A sparkling triumph of good over bad

A sparkling triumph of good over bad

Joyce Glasser reviews Cinderella (March 27, 2015)

The best Shakespearean actor and one of the best Shakespearean directors of his generation, Kenneth Branagh’s record as a non-Shakespearean film director is mixed.  If Peter’s Friends, Sleuth and Jack Ryan: Shadow Recruit were disappointments, Thor (2011) was an impressive stab at a Marvel Comic superhero film and his new, live-action Cinderella, starring Lily James as the eponymous heroine and Cate Blanchett (Stepmother) is a triumph.

We are told that the film is inspired by Charles Perrault’s 17th century fairy tale and by Disney’s 1950s animated film.  Neither too dark nor too sanitised and sappy, and with a rich mixture of CGI magic and spectacular set design, hair/make-up and costumes, Branagh’s Cinderella is a well-judged updating of the story for Disney’s library and for a new generation of young people.

Branagh and scriptwriter Chris Weitz (The Golden Compass, Antz, About a Boy, with brother Paul), start from the beginning, showing us young Ella’s (Eloise Webb) happy life with her animal-loving, free-spirited mother who believes in fairies (Hayley Atwell) and her kind, fun-loving merchant father (Ben Chaplin) in a gingerbread mansion inherited by her father.   Then tragedy strikes when the mother dies, just after instructing her daughter to ‘be kind and be courageous.’  Ella forms an even stronger bond with her father, one that survives his eventual remarriage to Lady Tremaine (Cate Blanchett).  When the father dies, however, Ella is at the mercy of her evil stepmother.

But such is the finesse of this script that even Lady Tremaine is given a back story that tempers her perverse cruelty.  She loved her first husband as much as Ella’s father loved his first wife, and she realises that her second husband will never love her or anyone else as much as his daughter.   This background enhances our understanding of Ella’s forgiving attitude toward her insufferable stepmother, and her humility in the face of her two despicable, spoilt daughters, Drisella (Sophie McShera) and Anastasia (Holliday Grainger).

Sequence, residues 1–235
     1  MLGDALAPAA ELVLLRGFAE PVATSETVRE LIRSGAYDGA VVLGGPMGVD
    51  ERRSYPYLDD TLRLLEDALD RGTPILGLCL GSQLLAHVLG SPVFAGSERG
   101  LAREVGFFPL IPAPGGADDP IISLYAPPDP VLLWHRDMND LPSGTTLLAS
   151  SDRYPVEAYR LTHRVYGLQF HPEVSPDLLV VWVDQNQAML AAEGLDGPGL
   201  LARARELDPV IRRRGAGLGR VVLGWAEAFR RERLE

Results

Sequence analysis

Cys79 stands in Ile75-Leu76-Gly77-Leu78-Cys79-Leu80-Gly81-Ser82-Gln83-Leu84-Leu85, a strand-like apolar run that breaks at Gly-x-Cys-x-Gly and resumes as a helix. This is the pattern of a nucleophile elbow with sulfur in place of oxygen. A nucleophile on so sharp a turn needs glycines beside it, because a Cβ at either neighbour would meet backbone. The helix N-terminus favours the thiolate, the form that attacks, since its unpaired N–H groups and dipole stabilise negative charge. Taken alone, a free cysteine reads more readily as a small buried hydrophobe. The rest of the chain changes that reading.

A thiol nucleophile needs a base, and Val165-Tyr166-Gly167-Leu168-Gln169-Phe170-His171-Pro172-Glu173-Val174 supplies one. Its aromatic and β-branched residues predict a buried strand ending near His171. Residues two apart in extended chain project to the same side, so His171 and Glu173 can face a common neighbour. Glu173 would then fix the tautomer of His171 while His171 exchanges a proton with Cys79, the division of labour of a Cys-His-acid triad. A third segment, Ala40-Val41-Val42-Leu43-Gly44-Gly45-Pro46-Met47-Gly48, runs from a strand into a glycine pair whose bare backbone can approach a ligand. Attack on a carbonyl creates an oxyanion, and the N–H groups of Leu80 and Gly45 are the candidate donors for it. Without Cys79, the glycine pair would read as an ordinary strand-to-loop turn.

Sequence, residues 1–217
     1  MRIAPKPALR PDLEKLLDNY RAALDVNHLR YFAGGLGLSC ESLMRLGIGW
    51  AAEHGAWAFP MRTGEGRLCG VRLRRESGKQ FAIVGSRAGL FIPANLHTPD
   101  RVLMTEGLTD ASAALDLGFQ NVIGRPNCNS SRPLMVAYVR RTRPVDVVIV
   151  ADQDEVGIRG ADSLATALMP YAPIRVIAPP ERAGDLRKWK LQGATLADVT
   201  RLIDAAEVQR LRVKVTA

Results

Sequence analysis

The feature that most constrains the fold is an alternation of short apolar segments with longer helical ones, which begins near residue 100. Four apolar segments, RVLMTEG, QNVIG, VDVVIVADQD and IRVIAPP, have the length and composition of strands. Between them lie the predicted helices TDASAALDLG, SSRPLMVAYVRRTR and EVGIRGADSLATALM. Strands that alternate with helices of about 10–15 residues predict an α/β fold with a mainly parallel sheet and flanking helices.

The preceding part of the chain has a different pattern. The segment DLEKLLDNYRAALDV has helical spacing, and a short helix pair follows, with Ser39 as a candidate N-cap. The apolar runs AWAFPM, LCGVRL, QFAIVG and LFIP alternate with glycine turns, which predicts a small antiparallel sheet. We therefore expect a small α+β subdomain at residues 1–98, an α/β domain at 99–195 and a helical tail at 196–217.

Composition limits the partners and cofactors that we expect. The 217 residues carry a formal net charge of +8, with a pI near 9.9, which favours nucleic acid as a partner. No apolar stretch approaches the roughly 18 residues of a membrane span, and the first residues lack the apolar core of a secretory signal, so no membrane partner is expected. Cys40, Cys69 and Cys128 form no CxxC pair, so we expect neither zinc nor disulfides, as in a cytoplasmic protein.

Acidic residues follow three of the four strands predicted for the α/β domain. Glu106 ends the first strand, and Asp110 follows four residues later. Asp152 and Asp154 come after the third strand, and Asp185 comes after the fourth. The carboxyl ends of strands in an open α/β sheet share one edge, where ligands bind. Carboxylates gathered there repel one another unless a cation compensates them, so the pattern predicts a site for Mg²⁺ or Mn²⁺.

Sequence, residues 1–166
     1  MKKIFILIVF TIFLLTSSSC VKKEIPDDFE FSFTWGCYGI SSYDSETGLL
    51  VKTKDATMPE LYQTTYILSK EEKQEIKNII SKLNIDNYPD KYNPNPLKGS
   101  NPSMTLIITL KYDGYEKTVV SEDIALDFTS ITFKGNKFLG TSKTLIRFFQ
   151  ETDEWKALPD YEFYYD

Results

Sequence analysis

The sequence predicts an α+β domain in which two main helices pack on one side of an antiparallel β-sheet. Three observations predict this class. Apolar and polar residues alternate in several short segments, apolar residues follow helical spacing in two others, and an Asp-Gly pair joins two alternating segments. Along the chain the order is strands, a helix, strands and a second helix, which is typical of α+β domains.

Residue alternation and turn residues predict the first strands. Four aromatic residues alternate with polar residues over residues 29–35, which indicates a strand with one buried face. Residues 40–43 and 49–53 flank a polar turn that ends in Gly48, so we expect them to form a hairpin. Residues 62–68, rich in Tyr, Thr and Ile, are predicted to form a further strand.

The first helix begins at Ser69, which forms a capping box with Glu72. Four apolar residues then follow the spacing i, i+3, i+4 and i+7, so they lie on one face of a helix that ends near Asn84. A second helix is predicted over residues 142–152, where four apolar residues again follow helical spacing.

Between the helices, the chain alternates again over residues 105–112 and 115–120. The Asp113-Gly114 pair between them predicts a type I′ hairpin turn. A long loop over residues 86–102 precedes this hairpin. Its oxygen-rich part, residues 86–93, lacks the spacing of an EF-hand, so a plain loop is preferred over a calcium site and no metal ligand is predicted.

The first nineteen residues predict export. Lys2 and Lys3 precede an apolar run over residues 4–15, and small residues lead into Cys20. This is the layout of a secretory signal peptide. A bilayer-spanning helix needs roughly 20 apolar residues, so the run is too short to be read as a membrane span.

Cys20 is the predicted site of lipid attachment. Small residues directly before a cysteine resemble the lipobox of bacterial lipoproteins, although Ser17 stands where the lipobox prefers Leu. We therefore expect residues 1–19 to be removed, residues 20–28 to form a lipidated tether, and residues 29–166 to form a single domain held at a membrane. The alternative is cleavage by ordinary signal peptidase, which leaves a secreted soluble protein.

Cate Blanchett, Holliday Grainger, and Sophie McShera in Cinderella - Credit IMDB

Cate Blanchett, Holliday Grainger, and Sophie McShera in Cinderella

When Ella transforms into Lily James’ teenage Cinderella, so called by the cruel stepdaughters when Ella serves breakfast with the remains of cinders from the fire on her face, she is no weak, meek and helpless victim.  In this version, Cinderella is a strong-minded, resourceful and quick-witted young woman who refuses to accept defeat and is determined to go after her man.

Her meeting in the forest with Prince Kit (Richard Madden) is wonderfully romantic, but also beautifully written. The Prince tells her his name is Kit and that he is an apprentice, without stating his lofty trade. This, of course, proves that Cinderella loves him for who he is, and not for this position.  An animal lover who has helped the intended prey to escape, Cinderella chides this handsome stranger for hunting innocent animals, a message that reflects her upbringing.  The film, like the musical Into the Woods, highlights the extent to which parents influence their children.

Helena Bonham Carter in Cinderella - Credit IMDB

Helena Bonham Carter in Cinderella

In addition to the dazzling costumes by three-time-Oscar winning designer Sandy Powell (another Academy Award is on the horizon), the highlight of the film is the scene in which Helena Bonham Carter’s delectable Fairy Godmother  dresses Cinderella for the ball.  Beginning the scene as old hag and beggar, the scatter-brained fairy transforms herself into a vision of silver and sparkles before turning her wand to Cinderella.  Before our eyes, a pumpkin from the greenhouse becomes the coach, Ella’s beloved mice become the horses, and the lizards become the coachmen.

The magic is sustained after that impressive scene when Cinderella arrives at the ball and realises that the man in the forest is not a workman at the court, but the noble host himself.  Dressed in a head-turning blue gown with crystals in her long, blond hair, the picture of royalty, she dances the night away with the prince, much to the distress of the scheming Lady Tremaine and to The Grand Duke (Stellan Skarsgard).

Well, we all know the rest, with its elements of revenge, catharsis, and good triumphing over bad, but this timeless story appears fresh and all the more romantic in this joyful family film.

You can watch the film trailer here: